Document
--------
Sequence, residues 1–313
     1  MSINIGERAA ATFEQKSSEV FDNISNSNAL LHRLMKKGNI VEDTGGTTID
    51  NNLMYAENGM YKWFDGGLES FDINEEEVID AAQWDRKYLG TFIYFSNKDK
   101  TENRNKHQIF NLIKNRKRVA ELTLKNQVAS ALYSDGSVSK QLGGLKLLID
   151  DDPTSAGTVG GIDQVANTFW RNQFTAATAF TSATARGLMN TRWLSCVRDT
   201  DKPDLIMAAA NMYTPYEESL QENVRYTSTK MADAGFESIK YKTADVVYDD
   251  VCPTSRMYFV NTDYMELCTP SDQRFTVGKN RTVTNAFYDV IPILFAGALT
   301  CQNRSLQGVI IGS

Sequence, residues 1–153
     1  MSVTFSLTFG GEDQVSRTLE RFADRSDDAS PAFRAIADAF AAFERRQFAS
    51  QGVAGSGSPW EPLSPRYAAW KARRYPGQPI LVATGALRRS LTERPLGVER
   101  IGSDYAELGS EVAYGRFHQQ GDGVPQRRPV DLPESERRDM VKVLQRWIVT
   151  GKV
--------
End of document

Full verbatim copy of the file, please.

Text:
Sequence, residues 1–313
     1  MSINIGERAA ATFEQKSSEV FDNISNSNAL LHRLMKKGNI VEDTGGTTID
    51  NNLMYAENGM YKWFDGGLES FDINEEEVID AAQWDRKYLG TFIYFSNKDK
   101  TENRNKHQIF NLIKNRKRVA ELTLKNQVAS ALYSDGSVSK QLGGLKLLID
   151  DDPTSAGTVG GIDQVANTFW RNQFTAATAF TSATARGLMN TRWLSCVRDT
   201  DKPDLIMAAA NMYTPYEESL QENVRYTSTK MADAGFESIK YKTADVVYDD
   251  VCPTSRMYFV NTDYMELCTP SDQRFTVGKN RTVTNAFYDV IPILFAGALT
   301  CQNRSLQGVI IGS

Sequence, residues 1–153
     1  MSVTFSLTFG GEDQVSRTLE RFADRSDDAS PAFRAIADAF AAFERRQFAS
    51  QGVAGSGSPW EPLSPRYAAW KARRYPGQPI LVATGALRRS LTERPLGVER
   101  IGSDYAELGS EVAYGRFHQQ GDGVPQRRPV DLPESERRDM VKVLQRWIVT
   151  GKV